"Right now, I feel like I let my guys down," Young said. "Right now, I feel like I let my family down. I feel like I let Houston and Austin down."

He added: "This will give me a little more edge, a little more ego."

As Young spoke, the pain evident in his voice, he sounded like the only person in the room who was surprised by the outcome. Asked about Young's disappointment, Bush's response included: "That's not my problem."

Young might have meant more to his team this season than any other player, and Leinart might have handled the most pressure, but nobody brought as much attention to college football as Bush.

He is a highlight-maker in a highlight world, the rare athlete in any sport who commands attention every time he is in action.

One year ago, when Leinart won the Heisman Trophy and Bush was a finalist, U.S.C.'s athletic director, Mike Garrett, told him: "You know you're going to be up there."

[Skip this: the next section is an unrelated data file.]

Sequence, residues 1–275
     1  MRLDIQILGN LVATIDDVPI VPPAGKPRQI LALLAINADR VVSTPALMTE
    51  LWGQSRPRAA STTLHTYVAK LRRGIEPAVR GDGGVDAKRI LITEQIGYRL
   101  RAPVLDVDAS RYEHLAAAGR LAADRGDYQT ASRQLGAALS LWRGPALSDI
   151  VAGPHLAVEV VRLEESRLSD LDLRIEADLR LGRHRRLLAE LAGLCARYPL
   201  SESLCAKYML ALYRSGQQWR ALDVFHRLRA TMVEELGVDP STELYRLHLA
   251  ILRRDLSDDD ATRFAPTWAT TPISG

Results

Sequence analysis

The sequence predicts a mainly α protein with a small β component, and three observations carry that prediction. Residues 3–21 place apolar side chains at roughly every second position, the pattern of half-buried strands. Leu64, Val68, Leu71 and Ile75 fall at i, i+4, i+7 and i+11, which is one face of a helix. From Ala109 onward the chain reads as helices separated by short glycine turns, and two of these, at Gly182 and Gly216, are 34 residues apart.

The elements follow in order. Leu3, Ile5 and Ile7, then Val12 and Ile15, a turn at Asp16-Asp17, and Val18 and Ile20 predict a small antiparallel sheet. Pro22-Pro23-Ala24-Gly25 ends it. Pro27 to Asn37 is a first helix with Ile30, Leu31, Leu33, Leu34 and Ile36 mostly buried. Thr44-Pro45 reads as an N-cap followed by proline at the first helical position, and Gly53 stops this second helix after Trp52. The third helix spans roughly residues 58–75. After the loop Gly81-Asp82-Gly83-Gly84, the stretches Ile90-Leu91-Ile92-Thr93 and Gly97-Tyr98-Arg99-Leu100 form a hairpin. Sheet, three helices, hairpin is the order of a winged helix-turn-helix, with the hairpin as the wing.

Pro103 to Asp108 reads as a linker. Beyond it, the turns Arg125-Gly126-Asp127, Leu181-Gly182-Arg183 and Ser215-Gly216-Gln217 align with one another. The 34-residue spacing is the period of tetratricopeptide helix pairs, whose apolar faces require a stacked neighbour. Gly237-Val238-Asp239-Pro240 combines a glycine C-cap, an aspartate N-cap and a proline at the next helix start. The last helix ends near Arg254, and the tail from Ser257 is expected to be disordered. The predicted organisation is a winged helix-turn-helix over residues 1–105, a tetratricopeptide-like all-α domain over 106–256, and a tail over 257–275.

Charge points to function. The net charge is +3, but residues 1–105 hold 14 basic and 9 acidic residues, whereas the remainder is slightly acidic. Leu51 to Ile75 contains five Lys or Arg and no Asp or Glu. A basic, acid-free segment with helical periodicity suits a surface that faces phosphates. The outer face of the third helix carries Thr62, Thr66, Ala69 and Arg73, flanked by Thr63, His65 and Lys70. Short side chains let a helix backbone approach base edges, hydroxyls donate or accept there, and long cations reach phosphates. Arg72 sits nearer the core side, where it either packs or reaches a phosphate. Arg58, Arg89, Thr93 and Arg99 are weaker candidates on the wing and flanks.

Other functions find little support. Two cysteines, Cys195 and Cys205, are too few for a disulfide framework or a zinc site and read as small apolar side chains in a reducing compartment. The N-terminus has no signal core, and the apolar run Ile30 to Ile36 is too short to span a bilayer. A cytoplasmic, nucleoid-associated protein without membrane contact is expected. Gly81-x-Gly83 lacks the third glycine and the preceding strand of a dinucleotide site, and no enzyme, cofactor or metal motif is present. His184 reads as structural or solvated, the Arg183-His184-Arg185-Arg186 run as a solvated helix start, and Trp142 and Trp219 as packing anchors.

Bush replied: "I know."

In this era of trash talk and touchdown dances, his prediction might have sounded pompous. But it only illustrated the intensity with which he pursued the award. After U.S.C. beat California last month, Bush appeared downtrodden in the locker room because he had only 82 rushing yards. If the votes had been cast that day, Young probably would have been an easy winner.

But one week later, against an opponent from a non-B.C.S. conference, in a game that ended after 2 a.m. on the East Coast, Bush produced the signature performance of 2005. When fans woke up Sunday, Nov. 20, they realized what they had missed. Bush's 513 total yards against Fresno State included enough spin moves, jump stops and slipped tackles to jam the highlight shows.

While Young and Leinart relaxed in the green room last night, making goofy hand gestures for the television cameras, Bush sat quietly in his pinstriped three-piece suit, chomping on a piece of gum, looking like he was getting ready for a red-zone run. He went over his acceptance speech over and over in his mind. "He was in game mode," Leinart said.